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Polar Expedition Survival Training

Baffin Island, Nunavut in the Canadian Arctic - March, 2009

  • I spent 10 days in Nunavut learning how to survive in polar environments. The training included skiing over rugged sea ice, dog sledding and numerous days of camping out with temperatures dipping down to -30, sometimes with a wind chill of -45! It was so cold that exposed skin began to freeze in seconds. Conducting the training was veteran polar explorer Matty McNair, who has travelled to both the North and South pole numerous times. Also on this training session was Paul Hubner and his son Ryan. Paul has already skied to both the North and South Poles and is intending to have Ryan join him next winter on a trek to the South Pole. If successful, Ryan would become the youngest person to ski to the South Pole.
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  • Remote Arctic travel can be very dangerous with such hazards as: frostbite, hypothermia, shifting sea ice, and polar bears. Large Polar Bear tracks had been spotted along the path that we took through Auyuittuq National Park.
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  • Many Thanks to Matty & Eric McNair and Paul & Ryan Hubner.
  • Arctic Dog Sledding - YouTube

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    Self portrait wearing traditional Innuit sunglasses made from caribou antler.

    Matty, Paul and Ryan, preparing the pulks for us to pull across the sea ice. each one weighed about 50 to 60 kg.

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    The sea ice near Iqaluit.

    Setting up camp on the ice as the sun sets.

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    Taking a quick break.

    Another day of skiing and pulling the pulks across rugged terrain.

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    Off we go again. The tidal range on Frobisher bay is around 40 feet, so the ice is constantly heaving and cracking.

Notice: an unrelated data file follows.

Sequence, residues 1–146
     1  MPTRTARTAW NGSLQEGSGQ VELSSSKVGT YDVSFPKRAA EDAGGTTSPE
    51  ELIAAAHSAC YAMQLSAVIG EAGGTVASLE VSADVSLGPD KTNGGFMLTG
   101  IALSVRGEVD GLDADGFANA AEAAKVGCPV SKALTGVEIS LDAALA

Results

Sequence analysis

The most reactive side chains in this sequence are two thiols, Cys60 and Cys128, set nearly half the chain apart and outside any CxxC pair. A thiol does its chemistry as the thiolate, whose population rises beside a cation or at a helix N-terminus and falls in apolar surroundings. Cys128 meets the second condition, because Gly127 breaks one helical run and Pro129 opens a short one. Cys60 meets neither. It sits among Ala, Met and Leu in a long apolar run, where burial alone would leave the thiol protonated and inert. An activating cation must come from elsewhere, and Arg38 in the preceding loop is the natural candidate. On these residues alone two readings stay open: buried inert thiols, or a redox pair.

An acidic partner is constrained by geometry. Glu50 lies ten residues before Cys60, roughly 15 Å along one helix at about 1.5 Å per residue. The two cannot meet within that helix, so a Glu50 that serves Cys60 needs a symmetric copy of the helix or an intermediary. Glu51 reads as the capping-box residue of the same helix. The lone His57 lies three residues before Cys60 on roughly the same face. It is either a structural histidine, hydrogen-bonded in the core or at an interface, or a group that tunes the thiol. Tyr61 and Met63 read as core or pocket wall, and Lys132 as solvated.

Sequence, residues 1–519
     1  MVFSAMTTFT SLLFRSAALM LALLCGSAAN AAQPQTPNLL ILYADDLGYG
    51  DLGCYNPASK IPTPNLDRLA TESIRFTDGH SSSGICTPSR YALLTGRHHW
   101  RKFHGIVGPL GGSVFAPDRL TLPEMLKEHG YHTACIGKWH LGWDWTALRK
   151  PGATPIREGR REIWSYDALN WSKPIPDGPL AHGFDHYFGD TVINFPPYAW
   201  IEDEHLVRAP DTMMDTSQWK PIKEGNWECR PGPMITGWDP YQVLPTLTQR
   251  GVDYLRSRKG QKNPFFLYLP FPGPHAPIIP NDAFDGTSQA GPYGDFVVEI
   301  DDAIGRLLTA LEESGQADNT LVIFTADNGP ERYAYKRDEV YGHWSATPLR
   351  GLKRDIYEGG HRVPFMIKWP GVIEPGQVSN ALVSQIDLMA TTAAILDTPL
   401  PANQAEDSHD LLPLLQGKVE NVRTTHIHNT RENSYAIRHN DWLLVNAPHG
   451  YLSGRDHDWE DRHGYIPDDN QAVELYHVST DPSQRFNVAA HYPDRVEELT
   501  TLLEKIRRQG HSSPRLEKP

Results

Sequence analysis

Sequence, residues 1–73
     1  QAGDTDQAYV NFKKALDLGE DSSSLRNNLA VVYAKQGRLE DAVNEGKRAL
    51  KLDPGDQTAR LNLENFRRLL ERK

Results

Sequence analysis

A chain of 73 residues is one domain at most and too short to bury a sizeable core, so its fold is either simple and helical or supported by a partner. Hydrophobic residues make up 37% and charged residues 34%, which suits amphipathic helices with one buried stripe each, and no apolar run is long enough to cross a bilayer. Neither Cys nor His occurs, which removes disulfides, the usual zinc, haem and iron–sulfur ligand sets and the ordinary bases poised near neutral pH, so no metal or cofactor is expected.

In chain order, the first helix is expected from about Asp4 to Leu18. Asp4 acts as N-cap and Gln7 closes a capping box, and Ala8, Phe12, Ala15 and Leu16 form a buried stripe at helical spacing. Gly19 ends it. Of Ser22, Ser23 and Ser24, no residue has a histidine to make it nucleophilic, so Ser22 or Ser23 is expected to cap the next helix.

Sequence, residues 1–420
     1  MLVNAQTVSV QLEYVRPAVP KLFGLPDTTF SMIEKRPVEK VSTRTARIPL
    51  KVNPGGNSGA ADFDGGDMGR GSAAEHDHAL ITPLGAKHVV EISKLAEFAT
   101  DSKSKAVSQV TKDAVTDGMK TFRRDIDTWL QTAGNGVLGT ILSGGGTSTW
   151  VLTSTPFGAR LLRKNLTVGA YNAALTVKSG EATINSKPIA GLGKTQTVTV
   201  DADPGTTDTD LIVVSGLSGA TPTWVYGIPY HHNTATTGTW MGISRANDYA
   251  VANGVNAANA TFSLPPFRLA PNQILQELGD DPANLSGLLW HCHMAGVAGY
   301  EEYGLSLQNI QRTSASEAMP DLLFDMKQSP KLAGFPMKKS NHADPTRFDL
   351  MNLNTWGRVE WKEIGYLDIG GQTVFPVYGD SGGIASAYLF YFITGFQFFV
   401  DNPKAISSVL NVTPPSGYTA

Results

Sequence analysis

Imagine trying to ski across this type of landscape, pulling a heavy load in frigid temperatures.

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    Overflow. This is liquid water that flows up through cracks in the sea ice. I made the mistake of falling into some of it one night. My gloves froze solid and I had to scramble back to my tent to warm up.

    As tough as the training was, the views were quite spectacular.

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    A great display of the northern lights with Iqaluit in the background.

    One of our tents with a lit up sky. The temperature was about -20C.

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    Northern lights and a lit up tent reflected in the sea ice.

    More, fantastic northern lights. Probably the best display I've seen.

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    Ice crystals in the air create sun dogs in the sky in Iqaluit.

    We continued to the small town of Pangnirtung for the second half of the polar training... The dog sledding.

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    Getting the 2 teams of dogs all harnessed and ready to go.

    Camp at dusk on the fjord north of Pangnirtung.

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    Another great light show in Auyuittuq National Park.

    The northern lights were so bright that they lit up the snow with an eerie green hue.

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    Standing at the Arctic Circle.

    The mountain scenery in Auyuittuq National Park.

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    This was tough sledding. we had to run with the dogs, pushing and pulling the 1000 pound sleds up the frozen Weasel River over glare ice and huge boulders.

    Thor Peak looms in the distance.

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    Just past Thor Peak. It is the longest vertical cliff face in the world, over a kilometer of vertical drop!!

    The dogs, taking a well deserved rest.

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    Another day on the river and the scenery remains gorgeous. The clear skies however, make for very cold mornings of around -30C.

    On our last night, a wicked wind storm blew out the walls of my tent, ripping it and scattering all out equipment. We had to scramble to gather everything up in the middle of the night and retreat to an emergency shelter.

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    Eric surveying the damage caused by the windstorm to our campsite. The wind was still howling and visibility was sometimes near zero.

    One of the dogs waking up in the morning. The storm didn't seem to bother them at all. They just got up and shook themselves off.
    Arctic Blizzard - YouTube